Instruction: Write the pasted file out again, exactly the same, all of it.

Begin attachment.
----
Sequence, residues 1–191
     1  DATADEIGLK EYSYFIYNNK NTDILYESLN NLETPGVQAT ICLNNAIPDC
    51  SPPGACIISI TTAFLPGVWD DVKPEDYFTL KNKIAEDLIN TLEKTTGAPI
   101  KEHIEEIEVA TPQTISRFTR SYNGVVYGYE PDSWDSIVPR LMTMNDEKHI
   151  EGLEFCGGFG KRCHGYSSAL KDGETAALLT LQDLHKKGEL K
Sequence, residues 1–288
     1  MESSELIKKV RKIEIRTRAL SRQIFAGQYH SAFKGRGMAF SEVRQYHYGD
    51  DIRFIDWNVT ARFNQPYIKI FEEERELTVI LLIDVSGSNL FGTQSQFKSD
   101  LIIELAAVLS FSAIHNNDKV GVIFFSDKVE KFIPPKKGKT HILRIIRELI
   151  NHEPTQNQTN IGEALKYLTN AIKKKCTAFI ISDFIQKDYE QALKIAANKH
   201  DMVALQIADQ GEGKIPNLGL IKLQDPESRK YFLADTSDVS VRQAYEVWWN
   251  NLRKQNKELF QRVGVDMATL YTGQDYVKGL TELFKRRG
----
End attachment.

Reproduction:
Sequence, residues 1–191
     1  DATADEIGLK EYSYFIYNNK NTDILYESLN NLETPGVQAT ICLNNAIPDC
    51  SPPGACIISI TTAFLPGVWD DVKPEDYFTL KNKIAEDLIN TLEKTTGAPI
   101  KEHIEEIEVA TPQTISRFTR SYNGVVYGYE PDSWDSIVPR LMTMNDEKHI
   151  EGLEFCGGFG KRCHGYSSAL KDGETAALLT LQDLHKKGEL K
Sequence, residues 1–288
     1  MESSELIKKV RKIEIRTRAL SRQIFAGQYH SAFKGRGMAF SEVRQYHYGD
    51  DIRFIDWNVT ARFNQPYIKI FEEERELTVI LLIDVSGSNL FGTQSQFKSD
   101  LIIELAAVLS FSAIHNNDKV GVIFFSDKVE KFIPPKKGKT HILRIIRELI
   151  NHEPTQNQTN IGEALKYLTN AIKKKCTAFI ISDFIQKDYE QALKIAANKH
   201  DMVALQIADQ GEGKIPNLGL IKLQDPESRK YFLADTSDVS VRQAYEVWWN
   251  NLRKQNKELF QRVGVDMATL YTGQDYVKGL TELFKRRG